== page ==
Supporters Hold Vigil For Indian Gas Protest

Supporters Hold Vigil

For Indian Gas Protest

of Sue Donegan. The woman on the left is Suelynn Safford.
The woman on the left is Pipeline opponents Suelynn Safford, left, and Sue Donegan were among those holding vigil in Oneonta’s Muller Park last evening in solidarity with Native Americans blockading a pipeline project in North Dakota.  (Jason Brikelbach/


ONEONTA – Susan Donegan was told to wait in the camp and pray the day the buffalo came over the hill. She had been staying at the Oceti Sakowin camp on the Sitting Rock reservation in North Dakota, where many are protesting the Dakota Access Pipeline.

“It felt like you were in a war-zone, and the war was coming right at you,” she said, “and there wasn’t anything you can do about it other than stand your ground.”

She and others spoke out against the pipeline Thursday evening in Muller Plaza where people of Oneonta gathered to stand in solidarity with the protesters at Standing Rock.

“What we need to have happen is for enough people to be aware and to say ‘no more,’” Donegan said. “Because this is not the only river being affected; it’s not the only oil company.”

The evening featured traditional native music, including sacred Cherokee songs performed by women of the Woodland clan of Cherokee. During the performances, demonstrators lined main streets hoisting signs, garnering honks of affirmation from the passing cars.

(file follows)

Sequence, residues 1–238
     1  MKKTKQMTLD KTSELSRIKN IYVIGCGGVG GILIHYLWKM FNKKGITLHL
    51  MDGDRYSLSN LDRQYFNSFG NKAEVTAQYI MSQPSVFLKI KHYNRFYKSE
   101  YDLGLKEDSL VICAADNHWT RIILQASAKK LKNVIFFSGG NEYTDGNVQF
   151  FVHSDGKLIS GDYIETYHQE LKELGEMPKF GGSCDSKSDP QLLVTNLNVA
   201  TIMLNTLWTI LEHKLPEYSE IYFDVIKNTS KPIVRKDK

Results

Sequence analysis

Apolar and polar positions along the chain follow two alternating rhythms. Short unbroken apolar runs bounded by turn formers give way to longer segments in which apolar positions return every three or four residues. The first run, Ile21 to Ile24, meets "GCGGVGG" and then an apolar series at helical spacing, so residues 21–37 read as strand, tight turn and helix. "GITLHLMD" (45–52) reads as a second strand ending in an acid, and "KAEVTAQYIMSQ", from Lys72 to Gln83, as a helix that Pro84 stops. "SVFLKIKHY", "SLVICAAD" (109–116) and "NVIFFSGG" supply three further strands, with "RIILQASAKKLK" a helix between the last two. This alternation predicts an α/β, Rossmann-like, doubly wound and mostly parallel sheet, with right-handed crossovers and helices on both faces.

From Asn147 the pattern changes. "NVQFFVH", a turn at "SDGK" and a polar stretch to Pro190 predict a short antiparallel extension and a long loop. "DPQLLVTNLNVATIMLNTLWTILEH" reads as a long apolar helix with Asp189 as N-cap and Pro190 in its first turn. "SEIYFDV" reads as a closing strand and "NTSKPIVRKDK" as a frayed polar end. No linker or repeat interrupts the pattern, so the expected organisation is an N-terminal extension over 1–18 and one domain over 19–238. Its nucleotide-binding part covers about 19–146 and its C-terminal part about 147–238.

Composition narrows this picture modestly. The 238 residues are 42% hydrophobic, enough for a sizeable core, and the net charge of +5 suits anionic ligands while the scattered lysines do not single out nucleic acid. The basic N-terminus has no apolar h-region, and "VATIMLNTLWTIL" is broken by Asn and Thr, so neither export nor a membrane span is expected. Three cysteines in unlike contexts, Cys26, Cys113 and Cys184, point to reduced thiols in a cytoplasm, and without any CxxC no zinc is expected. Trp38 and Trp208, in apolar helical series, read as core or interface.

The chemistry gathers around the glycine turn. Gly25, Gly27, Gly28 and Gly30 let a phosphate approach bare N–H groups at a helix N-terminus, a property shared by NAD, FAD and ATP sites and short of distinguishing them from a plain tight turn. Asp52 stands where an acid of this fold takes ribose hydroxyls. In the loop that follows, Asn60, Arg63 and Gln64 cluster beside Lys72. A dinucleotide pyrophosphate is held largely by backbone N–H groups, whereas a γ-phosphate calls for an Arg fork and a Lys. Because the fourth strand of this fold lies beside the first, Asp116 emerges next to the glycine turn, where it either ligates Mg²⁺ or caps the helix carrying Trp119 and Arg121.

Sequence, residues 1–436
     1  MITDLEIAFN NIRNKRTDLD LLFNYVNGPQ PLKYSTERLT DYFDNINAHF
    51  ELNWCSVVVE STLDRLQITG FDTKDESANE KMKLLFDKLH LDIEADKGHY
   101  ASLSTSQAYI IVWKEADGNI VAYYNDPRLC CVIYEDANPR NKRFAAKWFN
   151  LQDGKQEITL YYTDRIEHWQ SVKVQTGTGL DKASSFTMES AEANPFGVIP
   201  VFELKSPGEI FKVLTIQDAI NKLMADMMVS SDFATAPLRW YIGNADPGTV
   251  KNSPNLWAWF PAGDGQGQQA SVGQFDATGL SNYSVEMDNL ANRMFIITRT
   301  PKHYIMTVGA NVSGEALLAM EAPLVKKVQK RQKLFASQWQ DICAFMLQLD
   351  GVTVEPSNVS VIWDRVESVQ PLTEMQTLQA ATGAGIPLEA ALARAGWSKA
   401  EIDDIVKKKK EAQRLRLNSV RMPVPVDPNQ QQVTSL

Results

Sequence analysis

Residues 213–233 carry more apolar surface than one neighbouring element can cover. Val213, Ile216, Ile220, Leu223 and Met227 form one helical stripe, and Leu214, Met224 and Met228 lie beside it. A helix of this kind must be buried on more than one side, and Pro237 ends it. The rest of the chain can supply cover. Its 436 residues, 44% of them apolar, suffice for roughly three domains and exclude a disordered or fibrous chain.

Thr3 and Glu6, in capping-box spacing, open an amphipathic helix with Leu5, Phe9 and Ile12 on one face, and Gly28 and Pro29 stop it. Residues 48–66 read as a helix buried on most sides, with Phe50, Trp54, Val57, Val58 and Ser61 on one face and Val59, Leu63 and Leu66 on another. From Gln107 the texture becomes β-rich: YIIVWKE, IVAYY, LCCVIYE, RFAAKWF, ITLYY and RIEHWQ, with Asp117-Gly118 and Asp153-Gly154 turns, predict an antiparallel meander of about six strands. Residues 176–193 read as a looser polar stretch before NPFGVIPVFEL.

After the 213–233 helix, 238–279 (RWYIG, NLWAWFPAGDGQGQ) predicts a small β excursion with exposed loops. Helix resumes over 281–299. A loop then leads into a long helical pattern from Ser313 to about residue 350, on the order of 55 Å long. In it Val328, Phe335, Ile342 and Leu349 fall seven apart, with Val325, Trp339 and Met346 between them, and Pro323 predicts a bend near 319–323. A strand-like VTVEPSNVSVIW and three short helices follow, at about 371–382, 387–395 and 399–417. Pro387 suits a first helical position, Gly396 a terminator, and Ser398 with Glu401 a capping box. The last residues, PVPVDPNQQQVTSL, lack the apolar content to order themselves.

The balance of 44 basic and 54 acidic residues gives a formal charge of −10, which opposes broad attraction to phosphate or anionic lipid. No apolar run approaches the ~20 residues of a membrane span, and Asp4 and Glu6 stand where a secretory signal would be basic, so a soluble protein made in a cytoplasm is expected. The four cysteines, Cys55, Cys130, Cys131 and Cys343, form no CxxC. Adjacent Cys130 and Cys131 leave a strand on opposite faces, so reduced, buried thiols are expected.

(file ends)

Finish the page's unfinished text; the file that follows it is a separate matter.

Web links for donations sites and a donation box were provided for participants to contribute supplies and money for the Oceti Sakowin camp, which at one point had received only $40 for the nearly 1200 people occupying the camp.

In addition to Thursday’s event, Michelle Palmateir Demeo, the rally’s chief organizer, started a letter-writing campaign, in which hundreds of copies letters were printed expressing opposition to the pipeline. Participants signed the letters, which Demeo and her constituents will send to the Army Core of Engineers, President Obama, and Michelle Obama.

Demeo had the idea for the rally last Monday.

“I was sick of sharing things about it and not being able to do anything,” Demeo. “So I put up a post: has anything been done yet? If not, I’m doing it this week.”

Donegan, a Norwich resident, was joined by Clifford Eaglefeather, an elder of the Northern Cheyanne tribe, musician Ira Mcintosh, and Lee Fisher the president of the NAACP’s Oneonta branch.

Demeo plans to continue supporting, from Oneonta, the protestors. She is planning more events and hopes to have permeant banner hung in Muller plaza.

“I believe it does good to let your voice be heard,” Demeo said.

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